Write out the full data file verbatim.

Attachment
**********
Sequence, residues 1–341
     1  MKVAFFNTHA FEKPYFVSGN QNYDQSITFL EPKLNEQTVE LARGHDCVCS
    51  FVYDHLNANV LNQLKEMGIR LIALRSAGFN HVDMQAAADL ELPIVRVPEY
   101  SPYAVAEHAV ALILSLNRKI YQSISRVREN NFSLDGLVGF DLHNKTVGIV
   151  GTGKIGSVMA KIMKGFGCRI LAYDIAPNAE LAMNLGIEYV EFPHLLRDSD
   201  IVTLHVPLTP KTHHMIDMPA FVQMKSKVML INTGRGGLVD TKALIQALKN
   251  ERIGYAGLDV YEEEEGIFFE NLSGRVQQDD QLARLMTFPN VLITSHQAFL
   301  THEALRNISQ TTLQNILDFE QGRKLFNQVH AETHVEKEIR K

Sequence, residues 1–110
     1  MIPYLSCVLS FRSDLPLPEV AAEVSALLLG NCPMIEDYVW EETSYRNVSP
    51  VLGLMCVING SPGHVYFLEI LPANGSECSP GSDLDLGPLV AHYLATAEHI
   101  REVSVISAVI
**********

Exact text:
Sequence, residues 1–341
     1  MKVAFFNTHA FEKPYFVSGN QNYDQSITFL EPKLNEQTVE LARGHDCVCS
    51  FVYDHLNANV LNQLKEMGIR LIALRSAGFN HVDMQAAADL ELPIVRVPEY
   101  SPYAVAEHAV ALILSLNRKI YQSISRVREN NFSLDGLVGF DLHNKTVGIV
   151  GTGKIGSVMA KIMKGFGCRI LAYDIAPNAE LAMNLGIEYV EFPHLLRDSD
   201  IVTLHVPLTP KTHHMIDMPA FVQMKSKVML INTGRGGLVD TKALIQALKN
   251  ERIGYAGLDV YEEEEGIFFE NLSGRVQQDD QLARLMTFPN VLITSHQAFL
   301  THEALRNISQ TTLQNILDFE QGRKLFNQVH AETHVEKEIR K

Sequence, residues 1–110
     1  MIPYLSCVLS FRSDLPLPEV AAEVSALLLG NCPMIEDYVW EETSYRNVSP
    51  VLGLMCVING SPGHVYFLEI LPANGSECSP GSDLDLGPLV AHYLATAEHI
   101  REVSVISAVI